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  1. #31

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    Quote Originally Posted by Ray Rogers View Post
    If you remove your false claim that I do not make emulsions,
    I will remove my related comments.
    Well, Ray, perhaps it's really up to you to disprove Denise's claim. All it takes is a scan or photo of a plate or neg you've made.

    I can personally attest to being a witness of plates made by both Denise and Bill. If you like, I can post a photo of some of my (crappy) plates.
    Kirk

    For up from the ashes, up from the ashes, grow the roses of success!

  2. #32
    Photo Engineer's Avatar
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    Kirk;

    I hate to jump into this, but the comment Denise made seems unrelated to the issue and therefore Ray objected to it. I think that we should therefore stay out of it and let them discuss this matter. It is not an issue for me either way.

    PE

  3. #33

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    PE - OK, one second reading, I agree.

    Ray - I withdraw my rude post and appologize for making it.
    Kirk

    For up from the ashes, up from the ashes, grow the roses of success!

  4. #34

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    As to the earlier suggestion for using hydrofluoric acid, I'd recommend it not be used by people that do not have the safety training that is really needed for using, or the experience of having already used it.

    Hydrofluoric acid has serious complications when it contacts the skin or when vapors are breathed. Hydrofluoric acid is an extremely corrosive liquid and is a contact poison. It readily penetrated flesh and destructively binds with bone.

    Additionally, I don't think hydrofluoric acid would help. I think if the glass had something already on the surface that was repelling the gelatin, I suspect it would repell the hydrofluoric acid as well. It would probably dissolve a bit of the glass and make a little bit of releif when compared to the unclean surface of the glass.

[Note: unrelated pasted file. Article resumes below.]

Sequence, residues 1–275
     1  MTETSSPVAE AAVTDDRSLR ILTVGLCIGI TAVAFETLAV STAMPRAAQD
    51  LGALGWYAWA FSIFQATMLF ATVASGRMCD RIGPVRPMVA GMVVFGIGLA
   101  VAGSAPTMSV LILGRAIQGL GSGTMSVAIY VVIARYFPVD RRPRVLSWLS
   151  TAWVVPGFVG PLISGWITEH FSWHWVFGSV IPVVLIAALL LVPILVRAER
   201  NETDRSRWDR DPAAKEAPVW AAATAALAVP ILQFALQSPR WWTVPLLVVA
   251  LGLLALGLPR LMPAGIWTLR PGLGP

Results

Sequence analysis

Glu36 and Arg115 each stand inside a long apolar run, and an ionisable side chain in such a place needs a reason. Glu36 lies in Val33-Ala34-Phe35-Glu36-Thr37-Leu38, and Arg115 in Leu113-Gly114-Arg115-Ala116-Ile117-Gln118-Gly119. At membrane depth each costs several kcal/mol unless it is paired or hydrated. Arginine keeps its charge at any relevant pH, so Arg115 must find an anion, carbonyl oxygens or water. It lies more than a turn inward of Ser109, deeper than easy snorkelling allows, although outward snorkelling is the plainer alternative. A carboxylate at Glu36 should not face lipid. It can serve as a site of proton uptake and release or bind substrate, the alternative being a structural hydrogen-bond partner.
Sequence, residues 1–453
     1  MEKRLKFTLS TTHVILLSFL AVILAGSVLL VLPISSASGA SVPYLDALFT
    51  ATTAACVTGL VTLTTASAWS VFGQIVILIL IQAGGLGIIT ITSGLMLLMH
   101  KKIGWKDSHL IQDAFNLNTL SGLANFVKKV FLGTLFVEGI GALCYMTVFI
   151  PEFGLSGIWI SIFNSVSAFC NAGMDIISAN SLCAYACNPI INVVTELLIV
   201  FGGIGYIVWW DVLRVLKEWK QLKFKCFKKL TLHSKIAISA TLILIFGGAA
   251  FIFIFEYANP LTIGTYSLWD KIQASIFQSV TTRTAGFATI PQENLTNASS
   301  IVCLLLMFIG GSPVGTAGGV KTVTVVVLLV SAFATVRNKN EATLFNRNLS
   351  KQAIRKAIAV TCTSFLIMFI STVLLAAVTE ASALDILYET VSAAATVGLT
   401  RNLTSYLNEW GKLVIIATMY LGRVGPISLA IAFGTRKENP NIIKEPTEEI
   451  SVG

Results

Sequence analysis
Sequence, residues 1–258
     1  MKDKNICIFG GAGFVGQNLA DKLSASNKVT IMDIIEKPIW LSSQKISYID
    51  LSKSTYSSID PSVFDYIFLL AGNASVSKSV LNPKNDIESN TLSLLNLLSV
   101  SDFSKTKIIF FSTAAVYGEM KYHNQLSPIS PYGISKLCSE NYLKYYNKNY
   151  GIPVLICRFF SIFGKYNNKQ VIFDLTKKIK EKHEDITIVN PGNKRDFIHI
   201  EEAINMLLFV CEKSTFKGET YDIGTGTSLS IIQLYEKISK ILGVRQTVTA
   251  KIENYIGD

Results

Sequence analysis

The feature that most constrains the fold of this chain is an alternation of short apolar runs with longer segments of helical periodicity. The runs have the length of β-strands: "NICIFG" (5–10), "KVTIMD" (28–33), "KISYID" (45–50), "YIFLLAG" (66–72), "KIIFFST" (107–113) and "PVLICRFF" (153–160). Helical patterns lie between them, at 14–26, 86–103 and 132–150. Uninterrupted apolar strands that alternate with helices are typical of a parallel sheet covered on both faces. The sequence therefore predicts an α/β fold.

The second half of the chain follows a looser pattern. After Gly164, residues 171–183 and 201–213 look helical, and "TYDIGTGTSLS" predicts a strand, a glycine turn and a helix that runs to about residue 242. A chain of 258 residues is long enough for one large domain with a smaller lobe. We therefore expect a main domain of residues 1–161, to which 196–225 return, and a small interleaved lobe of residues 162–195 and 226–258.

That said, I once tested the contents of an abandoned 55 gallon barrel to determine what the contents actually were, and it was 50% sufuric acid and 15% hydrofluoric acid. It was for cleaning windows on commerical buildings. Glad I didn't have a job where I had to use that stuff...
    Kirk

    For up from the ashes, up from the ashes, grow the roses of success!

  5. #35
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    How about the deadly old-school sulphuric acid + dichromate 'lab glass cleaner'? It is a nasty mixture to work with, but it sure does clean!
    - Ian

  6. #36

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    Thank you Kirk.
    Apology accepted.

    (Thanks also to Ron, for his post which resulted in Kirk taking a second look).
    ---

    It appears Hydrofluoric acid may have found use cleaning glass
    for some autochrome plates as well....

    Given a desire to use chemistry rather than "elbow grease",
    I think I would prefer ‘Carey-Lea’.

    (The cleaner mentioned by Hexavalent).

    Ray

  7. #37

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    Quote Originally Posted by Hexavalent View Post
    How about the deadly old-school sulphuric acid + dichromate 'lab glass cleaner'? It is a nasty mixture to work with, but it sure does clean!
    That's certainly an excellent glass cleaner - not fast though as you typically place the glass into the dichomate/sufuric solution (aka Chromic Acid cleaner) and let it sit for a while.

    Note I suggested the use of NoChromix as a replacement for chromic acid cleaning baths. It's works pretty much as well as chromic acid solution and without the environmentally hazardous hexavalent chrome.
    Kirk

    For up from the ashes, up from the ashes, grow the roses of success!

  8. #38
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    Chromix gives no details in their MSDS citing it as a proprietary mixture.

    Wonder what it is?

    PE

  9. #39

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    Quote Originally Posted by Photo Engineer View Post
    Chromix gives no details in their MSDS citing it as a proprietary mixture.

    Wonder what it is?

    PE
    "NoChromix"

    If I remember correctly, it's an oxidizing organic compound. I seem to remember that it does generate some bubbles when mixed up.
    Kirk

    For up from the ashes, up from the ashes, grow the roses of success!

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